We finally were able to cut off the extra lengths of tubing that stretched into the basement. We corrected a couple of fittings and took our first pipe length measurement. Cut the pipe and fit it to the pump input.
All of our 1" PEX tubing, which is all on the furnace end of things, will be connected using "sharkbite" fittings. Unlike the fittings we've been using for PEX (primarily crimp ring and compression fittings), these sharkbites are just one super easy step: push the pipe in until it bottoms out. The fittings can even swivel after you've attached them.
We made a few cuts and connections that way and before too long we had the hot water line from the furnace attached to the pump, and the pump attached to the heat exchanger. Once again, we found ourselves making short straight runs using PEX that had arrived on a coil, so it's curvy. Annoying, and sort of sloppy. We decided to make the rest of the furnace-side hook ups in a day or so, after we've had a chance to buy some PEX sticks; those are straighter.
The next big event was copper pipe soldering, or "sweating," as the "pros" say. Let's agree that I'm going to call it soldering until I do a few more of them. The first task was to solder an elbow to the input end of the PMP, which is a pre-assembled run of valves and gauges. We took the PMP, elbow, and soldering supplies outside to the back porch, talked through the process and fired it up.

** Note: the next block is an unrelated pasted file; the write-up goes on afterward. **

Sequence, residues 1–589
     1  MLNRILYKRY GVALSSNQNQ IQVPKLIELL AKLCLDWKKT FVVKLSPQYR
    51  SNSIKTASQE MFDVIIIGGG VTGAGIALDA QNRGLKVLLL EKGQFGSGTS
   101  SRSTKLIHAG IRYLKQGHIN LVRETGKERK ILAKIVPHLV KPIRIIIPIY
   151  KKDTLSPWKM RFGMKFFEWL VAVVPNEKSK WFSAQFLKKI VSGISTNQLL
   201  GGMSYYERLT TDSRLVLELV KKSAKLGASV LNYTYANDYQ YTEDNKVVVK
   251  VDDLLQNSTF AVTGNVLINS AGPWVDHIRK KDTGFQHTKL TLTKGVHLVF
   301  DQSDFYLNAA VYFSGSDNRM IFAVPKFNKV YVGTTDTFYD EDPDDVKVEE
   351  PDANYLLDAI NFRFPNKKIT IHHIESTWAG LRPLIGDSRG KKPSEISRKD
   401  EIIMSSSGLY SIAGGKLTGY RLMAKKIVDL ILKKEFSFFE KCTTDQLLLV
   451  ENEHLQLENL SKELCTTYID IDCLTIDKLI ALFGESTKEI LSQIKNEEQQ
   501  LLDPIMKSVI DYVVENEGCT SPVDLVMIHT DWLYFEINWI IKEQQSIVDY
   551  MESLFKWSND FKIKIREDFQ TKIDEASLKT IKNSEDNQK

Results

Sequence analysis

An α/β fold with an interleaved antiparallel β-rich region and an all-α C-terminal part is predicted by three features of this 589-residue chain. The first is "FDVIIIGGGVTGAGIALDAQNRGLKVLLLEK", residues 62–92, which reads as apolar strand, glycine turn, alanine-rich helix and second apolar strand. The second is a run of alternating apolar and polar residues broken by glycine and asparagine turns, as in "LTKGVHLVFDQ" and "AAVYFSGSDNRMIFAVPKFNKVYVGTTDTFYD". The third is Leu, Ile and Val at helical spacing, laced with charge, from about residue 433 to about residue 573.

The first attempt ended in failure, so we reheated the joint, took it off, and cleaned up the PMP. Grabbed a new fitting, gave it some more thought, and tried again. The second time worked just as it should have. Success!
We carried the assembly back to the basement and took measurements for the the copper pipe and fitting that connects the heat exchanger to the PMP. We soldered a threaded adapter fitting onto the pipe, no problem. We attached it to the heat exchanger.
Next, we prepared and fit the PMP's elbow to the vertical pipe we had just attached to the heat exchanger. We would need to adjust the position of the mounting board we made, and Erika did this while I held the PMP in place. Then, she mounted the PMP to the board with some brass clamps and screws. I soldered the elbow to the vertical pipe.
That was a good stopping point. Next up: running pipe around the corner to the mixing valve and framing the rack for the headers and manifolds!